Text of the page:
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This sneaker gets more colorful the more you wear it

Art collective MSCHF and Jimmy Fallon collaborated on a skate shoe that’s not meant to stay in pristine condition.

[Source photo: MSCHF]

Art collective and sometimes streetwear brand MSCHF has made its name by both thumbing its nose at consumerism while stoking it through its hypebeast-meets-Warhol product drops.

The New York-based group was responsible for Lil Nas X’s notorious Satan Shoes, a limited run of 666 pairs of modified Nike Air Max 97s that earned it a lawsuit from none other than the sneaker giant itself last March. (The companies agreed to a settlement in April.) Last week, MSCHF unveiled ice cream trucks in New York and Los Angeles selling Eat the Rich Popsicles—$10 frozen treats shaped like the visages of Jeff Bezos, Bill Gates, Elon Musk, Mark Zuckerberg, and Alibaba’s Jack Ma.

The organization has now dropped its latest creation: the Gobstomper sneaker, made in collaboration with Jimmy Fallon. Announced on The Tonight Show on Monday, the $195 Gobstomper is a skate shoe that reveals different colors as the surface gray suede is worn away with use, much like a Gobstopper candy changes shades as its outer layers dissolve.

[Photo: Courtesy MSCHF]

“I’m excited about this one, because Jimmy is a genuine sneakerhead, but he’s never done a sneaker,” says Daniel Greenberg, cofounder and chief revenue officer of MSCHF. And though the organization has a knack for achieving virality online, MSCHF’s collaboration with Fallon and The Tonight Show signals a new push to introduce the group’s decidedly outré perspective to more mainstream audiences.

Founded in 2016, Brooklyn-based MSCHF has been responsible for more than 80 product drops so far, ranging from high concept—an air-gapped laptop filled with malware programs that have caused more than $95 billion in financial damage—to prurient, such as a neural network that creates AI-generated photos of feet (no word yet on whether feet pics have crossed the uncanny valley).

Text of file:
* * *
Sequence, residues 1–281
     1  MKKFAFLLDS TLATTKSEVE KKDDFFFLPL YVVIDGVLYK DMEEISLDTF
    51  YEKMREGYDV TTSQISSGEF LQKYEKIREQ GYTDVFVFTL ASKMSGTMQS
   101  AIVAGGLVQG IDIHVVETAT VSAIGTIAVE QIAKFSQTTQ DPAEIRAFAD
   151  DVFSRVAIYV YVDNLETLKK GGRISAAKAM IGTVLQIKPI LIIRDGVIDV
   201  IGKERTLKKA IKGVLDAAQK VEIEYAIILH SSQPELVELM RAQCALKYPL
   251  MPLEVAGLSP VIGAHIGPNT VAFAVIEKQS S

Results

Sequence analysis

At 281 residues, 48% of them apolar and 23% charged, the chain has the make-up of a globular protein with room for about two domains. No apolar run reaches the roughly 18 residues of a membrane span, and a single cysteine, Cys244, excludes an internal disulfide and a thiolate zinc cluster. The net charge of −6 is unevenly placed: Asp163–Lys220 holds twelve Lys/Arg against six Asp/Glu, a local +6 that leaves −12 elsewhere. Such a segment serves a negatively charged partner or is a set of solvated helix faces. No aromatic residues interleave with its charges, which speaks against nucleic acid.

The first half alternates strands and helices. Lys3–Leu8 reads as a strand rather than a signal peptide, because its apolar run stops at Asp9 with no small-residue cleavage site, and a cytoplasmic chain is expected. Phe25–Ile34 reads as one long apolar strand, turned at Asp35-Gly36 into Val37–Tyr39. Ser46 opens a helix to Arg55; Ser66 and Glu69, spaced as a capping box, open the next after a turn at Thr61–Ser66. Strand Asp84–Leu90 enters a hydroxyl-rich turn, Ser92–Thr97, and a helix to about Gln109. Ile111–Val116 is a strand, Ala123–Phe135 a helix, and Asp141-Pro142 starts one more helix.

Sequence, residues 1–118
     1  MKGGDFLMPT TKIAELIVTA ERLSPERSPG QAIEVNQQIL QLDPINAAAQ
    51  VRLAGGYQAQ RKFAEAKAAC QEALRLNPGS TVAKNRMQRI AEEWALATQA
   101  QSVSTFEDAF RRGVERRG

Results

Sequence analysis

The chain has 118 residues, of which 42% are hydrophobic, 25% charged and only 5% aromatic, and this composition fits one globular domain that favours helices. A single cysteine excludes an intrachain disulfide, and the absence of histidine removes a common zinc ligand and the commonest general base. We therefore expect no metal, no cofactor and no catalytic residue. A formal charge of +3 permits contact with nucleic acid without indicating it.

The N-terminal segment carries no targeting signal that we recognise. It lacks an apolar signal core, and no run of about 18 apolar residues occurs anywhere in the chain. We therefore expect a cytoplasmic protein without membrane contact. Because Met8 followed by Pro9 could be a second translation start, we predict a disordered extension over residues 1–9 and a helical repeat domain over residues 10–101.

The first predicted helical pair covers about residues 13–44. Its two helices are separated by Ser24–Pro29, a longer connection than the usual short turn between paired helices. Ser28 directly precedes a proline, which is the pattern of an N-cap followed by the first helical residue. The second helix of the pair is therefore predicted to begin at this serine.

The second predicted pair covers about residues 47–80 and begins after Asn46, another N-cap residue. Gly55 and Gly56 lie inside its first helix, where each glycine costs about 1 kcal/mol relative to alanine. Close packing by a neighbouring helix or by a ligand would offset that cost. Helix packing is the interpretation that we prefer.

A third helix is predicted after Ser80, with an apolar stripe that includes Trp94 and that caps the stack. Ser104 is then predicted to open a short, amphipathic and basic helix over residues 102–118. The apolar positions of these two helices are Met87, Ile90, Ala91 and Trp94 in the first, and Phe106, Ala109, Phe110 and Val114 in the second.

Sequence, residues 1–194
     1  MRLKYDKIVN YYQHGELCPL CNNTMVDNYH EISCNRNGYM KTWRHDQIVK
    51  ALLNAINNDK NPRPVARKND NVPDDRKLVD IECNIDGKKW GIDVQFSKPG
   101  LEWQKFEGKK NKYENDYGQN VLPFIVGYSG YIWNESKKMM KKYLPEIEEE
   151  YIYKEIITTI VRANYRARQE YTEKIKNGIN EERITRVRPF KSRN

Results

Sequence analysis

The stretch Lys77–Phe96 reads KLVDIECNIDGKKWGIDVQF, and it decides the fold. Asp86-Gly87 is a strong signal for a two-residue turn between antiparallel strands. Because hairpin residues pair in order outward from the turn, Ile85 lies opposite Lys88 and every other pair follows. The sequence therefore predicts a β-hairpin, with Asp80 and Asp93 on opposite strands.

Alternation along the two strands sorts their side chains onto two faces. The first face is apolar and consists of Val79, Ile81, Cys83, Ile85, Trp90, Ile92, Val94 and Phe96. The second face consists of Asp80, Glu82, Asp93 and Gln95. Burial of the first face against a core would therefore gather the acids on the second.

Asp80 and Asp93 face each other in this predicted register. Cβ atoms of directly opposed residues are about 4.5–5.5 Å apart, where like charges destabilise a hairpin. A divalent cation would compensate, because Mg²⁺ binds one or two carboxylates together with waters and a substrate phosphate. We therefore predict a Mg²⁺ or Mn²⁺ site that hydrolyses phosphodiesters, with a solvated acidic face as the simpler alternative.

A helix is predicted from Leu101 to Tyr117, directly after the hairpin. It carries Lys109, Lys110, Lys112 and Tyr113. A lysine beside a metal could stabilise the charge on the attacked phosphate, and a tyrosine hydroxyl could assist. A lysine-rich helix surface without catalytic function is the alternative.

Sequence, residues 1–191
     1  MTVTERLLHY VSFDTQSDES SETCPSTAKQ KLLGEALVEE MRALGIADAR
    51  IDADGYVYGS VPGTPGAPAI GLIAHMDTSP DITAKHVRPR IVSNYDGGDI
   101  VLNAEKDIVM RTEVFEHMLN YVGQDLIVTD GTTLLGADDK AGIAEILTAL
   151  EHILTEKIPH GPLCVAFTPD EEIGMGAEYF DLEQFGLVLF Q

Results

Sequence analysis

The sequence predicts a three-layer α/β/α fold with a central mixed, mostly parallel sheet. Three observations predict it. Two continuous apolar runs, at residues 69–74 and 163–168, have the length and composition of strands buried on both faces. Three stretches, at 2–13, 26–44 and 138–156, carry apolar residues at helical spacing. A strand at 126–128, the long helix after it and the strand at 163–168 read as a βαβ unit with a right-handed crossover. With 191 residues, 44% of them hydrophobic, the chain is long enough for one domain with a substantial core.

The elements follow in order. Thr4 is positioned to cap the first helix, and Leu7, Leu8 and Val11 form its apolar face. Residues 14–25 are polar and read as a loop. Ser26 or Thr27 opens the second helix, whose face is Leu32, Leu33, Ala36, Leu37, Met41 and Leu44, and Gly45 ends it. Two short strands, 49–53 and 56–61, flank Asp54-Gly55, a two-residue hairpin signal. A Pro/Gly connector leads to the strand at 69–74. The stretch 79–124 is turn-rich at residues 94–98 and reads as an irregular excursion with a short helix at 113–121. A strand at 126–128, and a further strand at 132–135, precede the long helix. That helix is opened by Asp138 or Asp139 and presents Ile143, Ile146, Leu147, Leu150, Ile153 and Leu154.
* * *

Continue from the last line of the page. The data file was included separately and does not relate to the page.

The company’s most prominent collab was last year’s Satan Shoes. The $1,018 sneakers featured a pentagram charm on the tongue and a drop of blood mixed with ink, among other embellishments. While the Satan Shoes and their predecessors, the $1,000 Jesus Shoes, were designed as art pieces and not really meant to be worn, the Gobstomper, like MSCHF’s more recent sneaker drops—Tap3 and the Super Normal—are part of the organization’s foray into streetwear. (Would-be customers have to download the MSCHF Sneakers app to purchase.) “Something that we say a lot is that we make sneakers for people to wear,” Greenberg says.

[Photo: Courtesy MSCHF]

In that sense, the Gobstomper is designed to take that idea to the extreme because the colors hidden below the surface will show themselves only with wear and tear. “So many people clean their sneakers every day; this is the opposite,” Greenberg says. “We want you to beat it up. We want you to wreck it, scuff it, destroy it. And that completely adds to it. If you keep it clean, it’s still a fine skate shoe, but then it’s just going to be a gray skate shoe.”

Greenberg also says that Gobstomper owners could get creative by taking a Dremel blade or X-Acto knife to the shoe: “To each their own. But it offers a lot of opportunity for creativity.”

As with most of MSCHF’S drops, there’s a bit of a tongue-in-cheek humor with the Gobstomper, as it’s a skate shoe created in partnership with a celebrity who doesn’t know how to skate—and the imagined aftermath of him attempting to is the centerpiece of the show’s marketing campaign. As Greenberg puts it, part of the unexpected nature of the drop is “the irony of doing a skate shoe with someone who can’t skate and then doing a whole photo shoot about them falling on their ass.”


David Wallace is an assistant clinical professor of electrical engineering at Mississippi State University. More

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